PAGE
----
The Lisa Fine Charlotte tablecloth in blue by Reed Smythe & Co. Courtesy of Reed Smythe & Co.
Reed Smythe & Co. debuted an exclusive collaboration with Lisa Fine Textiles that spotlights six of the New York designer’s signature florals translated into heirloom-quality tablecloths and toppers. The paisley-clad Fariba and the dreamy pale blue and lilac–hued Charlotte are two of the blossomy patterns.
Cords in canvas by Hartmann & Forbes Courtesy of Hartmann & Forbes
Hartmann & Forbes introduced the latest additions to its H&F Studio collection. New items include four breezy window treatment textiles composed of all-natural materials, such as the tufted Cords, the sheer Brushed and the stonewashed Weathered.
Tiger Tiger Chocolate in mocha by Rochelle Porter Design Courtesy of Rochelle Porter Design
Rochelle Porter Design premiered its inaugural line of sustainably made wallcoverings. Produced with a mix of FSC–sourced wood pulp and natural fibers, the collection boasts eight graphic patterns—including kaleidoscopic earth-toned Tiger Tiger Chocolate and bold geometric Kobo—available in two eco-friendly finishes, grass cloth and smooth matte.
The Lybid and Lev pillows by Anka Lavriv for Western Sensibility Rio Chantel
Montana-based textile studio Western Sensibility tapped Ukrainian-American artist Anka Lavriv for a charitable collaboration. Among the resulting pieces are two handillustrated pillow designs, Lev and Lybid, that pay homage to the ornate cross-stitch and embroidery traditions of Ukraine. All proceeds from the collection go directly to Ukrainian relief funds and aid organizations.
17-02-2022 · Industry trade shows will never be the same after COVID. By Warren Shoulberg. The business of buying and selling in the home furnishings industry has always been a moving target as shows and markets grew or receded, often suddenly. Last year’s “must-attend” event can quickly become this year’s “Nah, I’ll skip it” show.
The business of buying and selling in the home furnishings industry has always been a moving target as shows and markets grew or receded, often suddenly. Last year’s “must-attend” event can quickly become this year’s “Nah, I’ll skip it” show.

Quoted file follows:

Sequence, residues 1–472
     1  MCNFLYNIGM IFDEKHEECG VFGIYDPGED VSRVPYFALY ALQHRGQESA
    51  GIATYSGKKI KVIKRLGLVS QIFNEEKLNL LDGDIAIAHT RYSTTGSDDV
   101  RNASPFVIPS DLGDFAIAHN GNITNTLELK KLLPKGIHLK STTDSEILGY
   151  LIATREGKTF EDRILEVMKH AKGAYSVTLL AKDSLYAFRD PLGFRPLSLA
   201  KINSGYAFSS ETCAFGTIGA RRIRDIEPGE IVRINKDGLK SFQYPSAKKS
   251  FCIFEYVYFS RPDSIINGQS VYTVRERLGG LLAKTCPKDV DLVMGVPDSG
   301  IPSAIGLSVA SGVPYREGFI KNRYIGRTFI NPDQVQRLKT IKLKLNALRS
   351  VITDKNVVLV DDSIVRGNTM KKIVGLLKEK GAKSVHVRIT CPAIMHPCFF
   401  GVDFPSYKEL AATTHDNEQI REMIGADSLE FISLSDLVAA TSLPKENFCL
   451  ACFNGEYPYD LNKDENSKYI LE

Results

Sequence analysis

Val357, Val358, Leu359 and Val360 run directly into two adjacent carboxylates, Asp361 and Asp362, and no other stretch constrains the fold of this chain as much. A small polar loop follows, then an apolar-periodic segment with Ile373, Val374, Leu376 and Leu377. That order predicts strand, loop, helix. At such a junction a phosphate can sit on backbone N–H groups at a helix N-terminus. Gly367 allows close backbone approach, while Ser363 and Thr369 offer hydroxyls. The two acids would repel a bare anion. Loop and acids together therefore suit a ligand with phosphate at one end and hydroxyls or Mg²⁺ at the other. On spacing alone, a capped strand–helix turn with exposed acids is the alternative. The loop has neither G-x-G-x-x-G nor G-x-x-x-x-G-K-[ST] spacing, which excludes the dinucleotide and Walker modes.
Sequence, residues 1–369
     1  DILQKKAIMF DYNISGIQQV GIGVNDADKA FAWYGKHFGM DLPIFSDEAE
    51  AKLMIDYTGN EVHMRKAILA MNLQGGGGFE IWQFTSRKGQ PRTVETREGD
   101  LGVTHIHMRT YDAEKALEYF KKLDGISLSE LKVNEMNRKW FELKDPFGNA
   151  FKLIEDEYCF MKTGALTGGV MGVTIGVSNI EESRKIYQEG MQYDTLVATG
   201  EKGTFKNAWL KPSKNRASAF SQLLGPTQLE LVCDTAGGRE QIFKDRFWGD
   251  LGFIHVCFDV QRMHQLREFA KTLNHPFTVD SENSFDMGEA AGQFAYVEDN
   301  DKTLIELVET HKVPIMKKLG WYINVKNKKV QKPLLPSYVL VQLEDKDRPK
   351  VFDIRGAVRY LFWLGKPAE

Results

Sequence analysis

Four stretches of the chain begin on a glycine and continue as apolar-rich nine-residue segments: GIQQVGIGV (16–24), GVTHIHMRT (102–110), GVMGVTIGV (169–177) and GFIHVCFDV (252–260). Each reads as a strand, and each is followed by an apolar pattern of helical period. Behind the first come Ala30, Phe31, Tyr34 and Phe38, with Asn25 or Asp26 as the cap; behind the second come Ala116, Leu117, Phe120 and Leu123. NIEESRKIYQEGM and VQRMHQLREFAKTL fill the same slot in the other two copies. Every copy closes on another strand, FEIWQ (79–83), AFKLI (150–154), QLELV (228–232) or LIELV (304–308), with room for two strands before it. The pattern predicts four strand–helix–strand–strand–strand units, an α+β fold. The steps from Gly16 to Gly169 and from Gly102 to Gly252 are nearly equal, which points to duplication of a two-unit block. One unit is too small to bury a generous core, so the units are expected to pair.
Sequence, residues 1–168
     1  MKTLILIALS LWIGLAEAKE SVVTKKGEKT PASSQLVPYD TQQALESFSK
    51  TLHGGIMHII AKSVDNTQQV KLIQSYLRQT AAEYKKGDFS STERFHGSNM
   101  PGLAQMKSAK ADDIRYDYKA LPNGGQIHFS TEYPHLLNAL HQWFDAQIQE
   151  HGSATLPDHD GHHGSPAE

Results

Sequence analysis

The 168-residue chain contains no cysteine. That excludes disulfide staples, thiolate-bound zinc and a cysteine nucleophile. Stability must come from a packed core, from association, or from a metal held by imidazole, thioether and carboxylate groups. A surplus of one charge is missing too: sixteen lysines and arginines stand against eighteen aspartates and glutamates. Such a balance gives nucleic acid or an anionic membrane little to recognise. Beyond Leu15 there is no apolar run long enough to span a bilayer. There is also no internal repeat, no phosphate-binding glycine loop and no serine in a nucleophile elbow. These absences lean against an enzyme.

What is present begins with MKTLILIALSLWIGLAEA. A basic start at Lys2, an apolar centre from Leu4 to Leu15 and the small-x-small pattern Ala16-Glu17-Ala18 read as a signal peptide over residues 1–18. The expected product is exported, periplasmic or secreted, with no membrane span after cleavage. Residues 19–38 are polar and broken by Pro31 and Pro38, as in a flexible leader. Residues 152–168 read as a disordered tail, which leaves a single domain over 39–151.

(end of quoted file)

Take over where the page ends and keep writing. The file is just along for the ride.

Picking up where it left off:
But never before have so many shows—in so many cities, and in so many sectors of the industry—been the subject of massive upheaval as they have during the past two pandemic years. Major events around the globe were canceled, postponed, merged, downsized and otherwise turned upside down in ways we’ve never seen before. As we start to come out of what everyone hopes is the last terrible wave of COVID, some industry benchmark events are returning to some semblance of what they used to be. But for many others, the changes are dramatic, and the shows’ schedulings remain in suspense pending industry acceptance of new formats, timing and configurations.
This stress is happening to both domestic shows in the U.S. as well as overseas events in Europe and elsewhere. For many shows, such as Maison & Objet in France, Heimtextil in Germany and Salone del Mobile in Italy, cancellations and postponements have created havoc, even as all of these events insist that they will return to their previous schedules and formats in 2023. Perennial events stateside, such as High Point Market, the gift shows in Atlanta, Dallas, Las Vegas and New York, and the housewares show in Chicago, are all starting to get back to some semblance of normalcy this year, but for the entire show and market sector of home, it's a brave new world.
Here are some of the big changes:
IBS, KBIS AND NHS